Al Mohler looks at Martyn Lloyd-Jones book on John 4 and extracts a wonderful quote from the doctor.
Phil Johnson has written a great article on the state of contemporary evangelicalism. Phil writes:
Evangelicalism regularly comes under attack from all sides, and let’s face it: a lot of the criticism leveled against evangelicals is well deserved. Although I hold firmly to historic evangelical doctrine, I thoroughly despise what the contemporary evangelical movement has become. That’s an important distinction. Evangelical doctrine and the evangelical movement are not the same thing. Nowadays they often look like polar opposites.
In fact, post-modern evangelicals don’t really have any clear doctrinal identity….I’d be inclined to say that the singular characteristic that stands out most among contemporary evangelicals is their distaste for drawing any clear lines between truth and error. They don’t like to handle doctrine in a polemical fashion. They especially don’t want to be thought “negative” when it comes to declaring their doctrinal convictions. They don’t want anyone to think they are “against” what someone else teaches.
Phil also quotes Martyn Lloyd-Jones who spotted this illness decades ago:
One of the first signs that a man is ceasing to be truly evangelical is that he ceases to be concerned about negatives, and keeps saying, We must always be positive….The argument which says that you must always be positive, that you must not define the man in terms of what he is against, as well as what he is for, misses the subtlety of the danger.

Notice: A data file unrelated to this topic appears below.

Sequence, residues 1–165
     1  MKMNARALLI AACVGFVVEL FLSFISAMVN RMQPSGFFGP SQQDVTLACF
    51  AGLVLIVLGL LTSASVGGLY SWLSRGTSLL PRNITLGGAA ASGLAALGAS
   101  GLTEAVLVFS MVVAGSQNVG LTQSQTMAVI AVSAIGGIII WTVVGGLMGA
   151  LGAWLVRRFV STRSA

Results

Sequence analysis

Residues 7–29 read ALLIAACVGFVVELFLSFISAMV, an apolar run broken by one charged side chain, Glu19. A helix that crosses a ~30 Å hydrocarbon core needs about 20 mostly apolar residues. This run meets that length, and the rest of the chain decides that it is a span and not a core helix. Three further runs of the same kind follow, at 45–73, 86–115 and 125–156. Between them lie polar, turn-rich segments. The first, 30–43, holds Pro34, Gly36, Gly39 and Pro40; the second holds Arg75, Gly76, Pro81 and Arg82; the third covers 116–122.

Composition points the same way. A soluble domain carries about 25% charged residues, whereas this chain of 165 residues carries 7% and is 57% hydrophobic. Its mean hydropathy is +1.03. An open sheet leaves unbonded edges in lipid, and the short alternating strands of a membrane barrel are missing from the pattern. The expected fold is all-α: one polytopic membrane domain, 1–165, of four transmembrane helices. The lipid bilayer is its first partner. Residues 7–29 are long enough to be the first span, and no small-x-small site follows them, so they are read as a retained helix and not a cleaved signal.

Evangelicals largely wear indifferentism as a badge of honor, and are quite offended when anyone would dare draw absolute distinctions. This is the only way that the Robert Schullers and Joel Osteens can find an audience in evangelical churches–and those are just the obvious big offenders.
Adrian Warnock posts an excerpt of Martyn Lloyd-Jones speaking on two faulty postures toward knowledge that bypasses the person of Jesus Christ. One posture is doctrinal laziness, and the other posture gaining knowledge for it’s own sake, which leads Lloyd-Jones to object to tests and degrees in theology.
Adrian Warnock posts a helpful excerpt by Martyn Lloyd-Jones on anger.
A shortage of joy at Adrian Warnock’s blog.